Soccer in America? I love it!

It doesn’t take a genius to see the popularity of the World Cup (and soccer overall) increasing in America, and it could not be any more awesome. In fact, the top four most watched soccer games in America’s history were the games that the US played in this year’s World Cup. Also, it is a pretty nice luxury that US team is better than it has been in recent memory.

By now, just about everyone has heard about Ann Coulter’s article bashing the game of soccer. If you haven’t heard about it, then I strongly urge you to read it, because it might be the funniest thing you’ll see all day. But to summarize her main points, she believes that not only is soccer un-American, but it will also help in dissolving the moral fiber of the United States.

Although Ann Coulter’s thoughts have absolutely no significance to me, it got me thinking about one main thing. My initial thought is that soccer is significant enough for a well-known political pundit to make a comment on its effect in American society. She takes every argument to an outrageous level, but some of them make sense at their core. For example, one of the points she makes is that a large number of immigrants from around the world watch soccer. She takes her argument a little further by saying, “One can only hope that, in addition to learning English, these new Americans will drop their soccer fetish with time.” Of course, that statement is absurd, but she has a point with the high popularity of soccer among immigrants or first-generation immigrants. It is definitely more popular among the more “ethnic” crowds than the “pure-blooded American” crowds, but I believe that is rubbing off more and more on the average Joe. Years ago, soccer was seen as more of a foreign sport. Now, we see it as an international sport that we can embrace as well. Soccer is globalization at its best, and it is awesome.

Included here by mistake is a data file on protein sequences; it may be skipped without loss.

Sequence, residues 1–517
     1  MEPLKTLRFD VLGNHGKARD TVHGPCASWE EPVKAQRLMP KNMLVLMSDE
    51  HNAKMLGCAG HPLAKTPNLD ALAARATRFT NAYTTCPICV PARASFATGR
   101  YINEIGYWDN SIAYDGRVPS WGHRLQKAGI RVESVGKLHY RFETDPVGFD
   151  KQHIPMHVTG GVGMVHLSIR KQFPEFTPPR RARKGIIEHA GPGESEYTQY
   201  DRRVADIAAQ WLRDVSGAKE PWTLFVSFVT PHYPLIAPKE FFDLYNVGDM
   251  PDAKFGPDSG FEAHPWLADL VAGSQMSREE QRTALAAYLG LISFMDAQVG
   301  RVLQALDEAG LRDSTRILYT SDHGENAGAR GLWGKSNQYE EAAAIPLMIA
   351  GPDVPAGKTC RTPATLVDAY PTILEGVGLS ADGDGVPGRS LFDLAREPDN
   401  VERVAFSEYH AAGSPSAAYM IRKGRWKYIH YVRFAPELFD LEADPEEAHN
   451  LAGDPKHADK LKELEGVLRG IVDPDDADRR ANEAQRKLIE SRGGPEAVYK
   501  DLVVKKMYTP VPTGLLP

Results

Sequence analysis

The first time I watched the World Cup was back in 2006, when Italy played in the final against France. I remember seeing the streets of Rome after Italy won and thinking to myself, “Man, I wish they did that in America.” Fast forward eight years, and it’s happening. There is at least one public projection screen showing the game in every major city now, and the streets are packed. Americans are catching on to what everyone in the world has known about for a very long time, and as an Arab-American, I feel proud that immigrants helped this grow in the United States. Get excited America. The growing interest in soccer is going to be awesome.

About Sam Oudeh 9 Articles
Sami Oudeh is a Palestinian American graduate of the University of Kentucky. He is a sports nut and lives in Lexington, Kentucky.

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